Run it like a Business: Make It Work for You
Working for the largest African health organization, my colleagues and I laughed when I received my city assignments as part of the Marshall Memorial Fellowship: one of which was Anchorage, Alaska. My professional focus on Africa has taken me to countries and their communities living below the equator for most of my career, particularly in sub-Saharan Africa. So why was I being sent to Alaska? What could I learn in the far north that would be applicable to the south?
Now having visited Alaska, I have returned to my work with an idea that seemed a mere humorous fantasy before: we need to organize an exchange visit between the native Alaskan communities and the Masaai. Both communities face questions about the responsible use of natural resources, and have many valuable best practices they could share. Natural resources are a source of wealth if exploited properly. Wealth can help sustain communities if distributed properly. People can govern themselves if capacitated and empowered properly, we are often told. All of these assumptions, while noble, do not always become reality. Richness in natural resources is more often a curse for sustainable living than a blessing.
But then there is the Alaskan model. Since the late 1950s, Alaska has developed a constitution, held a referendum, and discovered North America’s largest oil reserve. Visionaries set up the Alaska Permanent Fund (APF) in 1976, into which the government would invest a small part of the state’s oil revenue each year as a way to turn the temporary stream of oil money into permanent wealth. Furthermore, the state has 12 geographic regions each with a "Regional Corporation" (including one corporation for non-natives and several village corporations). These corporations are the largest private landowners in Alaska. Development of the resources beneath their lands offers Native corporations an opportunity to generate jobs and other economic benefits for their Native shareholders. Income and wealth flows back into Alaska and its communities—and therefore its people demand sustainable exploitation.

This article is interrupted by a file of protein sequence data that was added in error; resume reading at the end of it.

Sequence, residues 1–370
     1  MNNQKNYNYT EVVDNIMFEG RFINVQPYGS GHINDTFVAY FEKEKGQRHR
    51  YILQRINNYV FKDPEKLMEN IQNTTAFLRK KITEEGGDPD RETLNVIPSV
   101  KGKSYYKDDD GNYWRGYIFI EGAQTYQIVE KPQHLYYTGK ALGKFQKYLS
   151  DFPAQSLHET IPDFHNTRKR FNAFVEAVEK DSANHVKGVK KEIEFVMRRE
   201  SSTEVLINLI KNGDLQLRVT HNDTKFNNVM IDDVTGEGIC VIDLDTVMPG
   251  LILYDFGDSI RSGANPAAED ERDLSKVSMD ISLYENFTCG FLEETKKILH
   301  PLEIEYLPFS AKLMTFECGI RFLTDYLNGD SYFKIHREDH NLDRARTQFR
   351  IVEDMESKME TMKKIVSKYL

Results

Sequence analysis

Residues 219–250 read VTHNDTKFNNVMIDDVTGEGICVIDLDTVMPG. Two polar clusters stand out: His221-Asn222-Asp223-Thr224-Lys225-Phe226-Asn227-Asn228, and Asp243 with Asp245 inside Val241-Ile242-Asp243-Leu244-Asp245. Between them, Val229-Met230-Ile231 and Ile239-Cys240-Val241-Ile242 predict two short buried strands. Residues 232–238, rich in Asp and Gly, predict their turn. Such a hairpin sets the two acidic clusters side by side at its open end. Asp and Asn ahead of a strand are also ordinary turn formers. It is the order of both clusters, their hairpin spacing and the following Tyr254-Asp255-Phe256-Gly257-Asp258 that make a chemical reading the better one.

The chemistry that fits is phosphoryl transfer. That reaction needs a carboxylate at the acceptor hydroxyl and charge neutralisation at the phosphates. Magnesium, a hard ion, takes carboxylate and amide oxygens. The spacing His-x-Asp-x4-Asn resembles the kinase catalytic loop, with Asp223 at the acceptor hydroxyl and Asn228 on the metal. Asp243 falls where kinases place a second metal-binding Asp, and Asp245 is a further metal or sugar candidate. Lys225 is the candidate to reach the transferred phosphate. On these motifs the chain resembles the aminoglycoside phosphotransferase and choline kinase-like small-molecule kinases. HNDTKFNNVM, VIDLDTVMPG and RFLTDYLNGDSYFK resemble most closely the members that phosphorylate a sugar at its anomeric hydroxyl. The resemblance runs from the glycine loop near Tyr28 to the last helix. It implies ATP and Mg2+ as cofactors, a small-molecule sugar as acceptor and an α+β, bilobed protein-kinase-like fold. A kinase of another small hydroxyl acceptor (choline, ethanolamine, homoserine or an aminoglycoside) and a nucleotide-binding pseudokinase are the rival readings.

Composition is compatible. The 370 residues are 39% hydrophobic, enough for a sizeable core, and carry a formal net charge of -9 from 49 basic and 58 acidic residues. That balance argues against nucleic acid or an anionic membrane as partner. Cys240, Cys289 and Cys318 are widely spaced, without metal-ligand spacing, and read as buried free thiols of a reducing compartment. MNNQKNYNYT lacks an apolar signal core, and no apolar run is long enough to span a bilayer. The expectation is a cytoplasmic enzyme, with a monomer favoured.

This model has helped Alaska maintain one of the lowest poverty rates in the United States. It has helped Alaska become one of the most economically equal of all 50 states. And during the 1990s and 2000s, it helped Alaska become the only U.S. state in which equality rose rather than fell. Even though the model is not perfect, we can learn from it. Obviously, Alaska is doing something right. The lesson I take from it: run it like a business; make it work for you-- the epitome of the (Native) American dream.
Dirkje Jansen, a Spring 2015 European Marshall Memorial Fellow, is a Portfolio Manager for AMREF Flying Doctors in The Hague, Netherlands.
The views expressed in GMF publications and commentary are the views of the author alone.